Once you accept that you can’t make your child feel happiness, you’ll be less inclined to try to “fix” their feelings. You’ll be more likely to step back and allow them to develop the coping skills and resilience they’ll need to bounce back from life’s setbacks.
Nurture Your Happiness
While we can’t control our children’s happiness, we are responsible for our own. And because children absorb everything from us, our moods matter. Happy parents are likely to have happy kids, while children of depressed parents suffer twice the average rate of depression, Murray observes. One of the best things that you can do for your child is to take control of your emotional well-being – get some rest and relaxation, nurture your relationship with your spouse and you’ll be happier in the long run. “If parents have a really good, committed relationship,” Murray says, “the child’s happiness often naturally follows.”
Praise the Right Stuff
Not surprisingly, studies consistently link self-esteem and happiness. Our children can’t have one without the other. It’s something we know intuitively, and it turns many of us into overzealous cheerleaders. Don’t overpraise. It’s called “achievement praise” and it can backfire in a big way.
“The danger, if this is the only kind of praise a child hears, is that he’ll think he needs to achieve to win your approval,” Murray explains. “He’ll become afraid that if he doesn’t succeed, he’ll fall off the pedestal and his parents won’t love him anymore.” Praising specific traits like intelligence or prettiness for example can also undermine children’s confidence later; if they grow up believing they’re valued for something that’s out of their control and potentially fleeting.
“If you praise your child primarily for being pretty, for example, what happens when she grows old and loses that beauty?” Murray asks. “How many facials will it take for her to feel worthwhile?” Interestingly, Murray adds, research shows that kids who are praised mainly for being bright become intellectually timid, fearing that they will be seen as less smart, and less valuable, if they fail.
We’re not saying that you shouldn’t praise, however praise your kids for the right things – praise them for the effort as opposed to the outcome – praise their hard work, creativity and persistence that leads them to the achievement.
Allow for Success and Failure
Of course, if you really want to bolster your child’s self-esteem, focus less on compliments and more on providing her with ample opportunities to learn new skills. Mastery, not praise, is the real self-esteem builder, Dr. Hallowell says. As a parent it’s our challenge to stand back and let our children do for themselves what they’re capable of. One of the biggest mistakes you can make for your kids is to do too much for them.
While it can be difficult to watch our kids struggle, they’ll never know the thrill of mastery unless we allow them to risk failure. Few skills are perfected on a first try. It’s through practice that children achieve mastery. And through repeated experiences of mastery, they develop the can-do attitude that lets them approach future challenges with the zest and optimism that are central to a happy life.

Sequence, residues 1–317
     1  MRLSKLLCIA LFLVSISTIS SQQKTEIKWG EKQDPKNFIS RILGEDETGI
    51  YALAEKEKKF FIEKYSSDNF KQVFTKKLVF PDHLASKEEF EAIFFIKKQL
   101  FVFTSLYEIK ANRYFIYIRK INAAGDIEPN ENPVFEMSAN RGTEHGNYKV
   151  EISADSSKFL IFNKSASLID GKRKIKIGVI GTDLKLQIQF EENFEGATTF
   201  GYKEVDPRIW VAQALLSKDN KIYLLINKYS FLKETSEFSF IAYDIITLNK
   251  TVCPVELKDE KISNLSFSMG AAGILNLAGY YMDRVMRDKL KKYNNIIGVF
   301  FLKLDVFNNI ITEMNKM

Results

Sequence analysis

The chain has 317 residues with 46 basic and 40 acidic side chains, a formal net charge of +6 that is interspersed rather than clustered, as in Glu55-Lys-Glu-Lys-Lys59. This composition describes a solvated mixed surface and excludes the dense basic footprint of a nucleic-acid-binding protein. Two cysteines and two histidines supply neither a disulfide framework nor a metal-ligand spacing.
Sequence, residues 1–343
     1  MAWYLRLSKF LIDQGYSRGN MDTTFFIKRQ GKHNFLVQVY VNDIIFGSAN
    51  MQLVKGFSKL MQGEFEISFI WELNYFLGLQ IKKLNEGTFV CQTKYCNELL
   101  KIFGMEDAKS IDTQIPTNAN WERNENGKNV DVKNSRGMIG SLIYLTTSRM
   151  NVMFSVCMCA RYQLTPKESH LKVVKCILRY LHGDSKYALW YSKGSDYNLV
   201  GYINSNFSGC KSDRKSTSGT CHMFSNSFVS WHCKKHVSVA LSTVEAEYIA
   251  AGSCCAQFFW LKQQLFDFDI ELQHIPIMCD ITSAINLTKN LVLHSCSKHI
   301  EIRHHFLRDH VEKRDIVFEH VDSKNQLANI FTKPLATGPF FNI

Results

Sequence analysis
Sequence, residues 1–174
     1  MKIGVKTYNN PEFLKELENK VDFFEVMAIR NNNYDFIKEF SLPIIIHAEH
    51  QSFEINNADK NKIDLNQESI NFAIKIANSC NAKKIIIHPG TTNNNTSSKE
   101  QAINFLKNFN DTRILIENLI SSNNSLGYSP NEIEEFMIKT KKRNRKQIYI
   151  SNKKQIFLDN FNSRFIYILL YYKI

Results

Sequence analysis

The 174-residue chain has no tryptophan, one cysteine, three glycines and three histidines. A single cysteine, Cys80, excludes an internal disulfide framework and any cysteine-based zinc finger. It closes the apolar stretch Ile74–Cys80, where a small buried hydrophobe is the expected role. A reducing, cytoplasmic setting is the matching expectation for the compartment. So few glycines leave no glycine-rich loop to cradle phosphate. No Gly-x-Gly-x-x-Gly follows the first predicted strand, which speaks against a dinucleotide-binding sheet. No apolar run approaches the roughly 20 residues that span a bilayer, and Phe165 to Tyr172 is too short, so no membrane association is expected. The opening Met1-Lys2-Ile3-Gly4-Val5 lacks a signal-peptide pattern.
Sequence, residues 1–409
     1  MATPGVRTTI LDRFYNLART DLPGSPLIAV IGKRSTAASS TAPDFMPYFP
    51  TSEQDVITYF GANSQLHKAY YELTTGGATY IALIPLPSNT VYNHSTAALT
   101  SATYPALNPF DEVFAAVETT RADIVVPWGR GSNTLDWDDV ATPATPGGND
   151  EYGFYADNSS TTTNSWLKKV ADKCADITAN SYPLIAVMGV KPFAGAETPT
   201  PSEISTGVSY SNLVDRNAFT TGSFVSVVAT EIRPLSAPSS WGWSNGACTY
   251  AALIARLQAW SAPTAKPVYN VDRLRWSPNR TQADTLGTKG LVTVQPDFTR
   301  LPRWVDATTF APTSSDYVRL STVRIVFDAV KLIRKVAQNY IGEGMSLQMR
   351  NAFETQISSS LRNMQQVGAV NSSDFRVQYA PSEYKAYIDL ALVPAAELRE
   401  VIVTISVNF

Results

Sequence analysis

Give Real Responsibilities
“Happiness depends largely on the feeling that what we do matters and is valued by others,” Murray observes. “Without that feeling, we fear we might be excluded from the group. And research shows that what human beings fear more than anything is exclusion.”
In other words, people have an innate need to be needed. So the more you can convey to your child that he is making a unique contribution to the family, from an early age, the greater his sense of self-worth and his ultimate happiness. Kids as young as 3 can play meaningful family roles, Murray says, whether it’s refilling the cat’s dry-food bowl or setting out the napkins at dinnertime. If possible, assign a role that plays to your child’s strengths. For example, if your little one loves to organise things, give him the job of sorting the forks and spoons. If he’s particularly nurturing, perhaps his role could be entertaining his baby sister while you get dinner on the table. So long as you acknowledge that he’s making a contribution to the family, it will heighten your child’s sense of connection and confidence, two prerequisites for lasting happiness.
Practice Habitual Gratitude
Finally, happiness studies consistently link feelings of gratitude to emotional well-being. Research at the University of California, Davis, and elsewhere has shown that people who keep daily or weekly gratitude journals feel more optimistic, make more progress toward goals, and feel better about their lives overall. For a child, keeping a journal may be unrealistic. But one way to foster gratitude in children is to ask that each member of the family take time daily, before or during a meal, for example, to name aloud something he or she is thankful for, Carter suggests. The important thing is to make it a regular ritual. “This is one habit that will foster all kinds of positive emotions,” she assures, “and it really can lead to lasting happiness.”
We hope this has helped you to understand the secrets to happy children. Why not try some of them and let us know how you go.